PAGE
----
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It’s mid-January in a conifer forest with a few clearings within. On the ground, at the edge of one of the clearings, sits an adult bald eagle. It’s not by choice the eagle is sitting on the ground; a few days back it started to experience awkwardness in flight. It would miss branches when trying to perch and miss when trying to grab fish out of open stretches of water. Its condition deteriorated rapidly to the point where it couldn’t fly at all. With the loss of flight, there was another problem; the eagle couldn’t find food. Unless someone found this eagle soon, it would be doomed to a death by starvation, or worse; it wasn’t a pesticide or other chemical, nor was it any type of bacterial or viral issue that put the eagle in its plight. This eagle ingested a lead fragment
This scenario has been occurring with increasing frequency, according to a PA Game Commission (PGC) release dated October 13. According to the PGC, in increasing number of bald eagles admitted to wildlife-rehabilitation centers across PA are showing symptoms of lead toxicity. PGC data from 2006 to 2016 reveal that approximately one-third of the state’s known bald-eagle mortalities are associated with a toxin, with lead being the most common. If our hypothetical eagle from above were somehow found and brought into a wildlife rehabilitation or veterinary facility for treatment, recovery is not guaranteed. The effects of lead toxicity eventually cause irreparable damage to organs and other body systems, which leads to death. Red Creek Wildlife Center director Peggy Hentz stated in the news release, “In the past year, wildlife-rehabilitation centers statewide have treated 12 bald eagles with lead toxicity, and only one of them survived.”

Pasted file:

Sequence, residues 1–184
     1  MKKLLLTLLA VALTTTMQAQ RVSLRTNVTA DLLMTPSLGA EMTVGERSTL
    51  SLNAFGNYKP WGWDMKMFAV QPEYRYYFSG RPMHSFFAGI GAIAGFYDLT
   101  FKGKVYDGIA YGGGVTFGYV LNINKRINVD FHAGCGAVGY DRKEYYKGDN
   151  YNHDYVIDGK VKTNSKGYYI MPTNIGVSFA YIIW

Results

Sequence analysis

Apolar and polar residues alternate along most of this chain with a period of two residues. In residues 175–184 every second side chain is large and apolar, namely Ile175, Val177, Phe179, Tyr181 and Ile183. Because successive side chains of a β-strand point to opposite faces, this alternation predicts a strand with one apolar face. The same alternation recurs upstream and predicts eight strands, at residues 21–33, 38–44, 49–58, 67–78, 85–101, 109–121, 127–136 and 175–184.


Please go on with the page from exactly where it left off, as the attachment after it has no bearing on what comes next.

In its press release the PGC states that the main source of lead has not been identified, but hunters can help cut down on any potential incidents of eagles ingesting lead by burying or covering gut piles of big game harvests. Even a layer of leaves would help, as eagles forage by sight. Also mentioned was that hunters could eliminate lead from their harvests by using non-lead ammunition. A conventional bullet can leave 30 to 40% of its lead in the target after the bullet passes through, and fragments can travel up to 18 inches.
Since the start of the re-introduction and recovery efforts of the bald eagle in the 1970s, the population in New York and PA has grown dramatically, which is probably behind the increase of lead toxicity being reported by wildlife rehabilitators. One of the most discouraging things is to track down and rescue a downed bald eagle, expecting a feisty attack from bill, talon and flailing wings only to find that the eagle can barely move its legs and turn its head; the next morning, you get the news from the clinic that it didn’t last the night. We, who utilize the outdoors for various activities, may be able to minimize the effect lead is having on eagles and other animals in the wild by making a few simple changes while in the field. To read the PGC news release, visit www.media.pa.gov/Pages/Game-Commission-Details.aspx?newsid=159.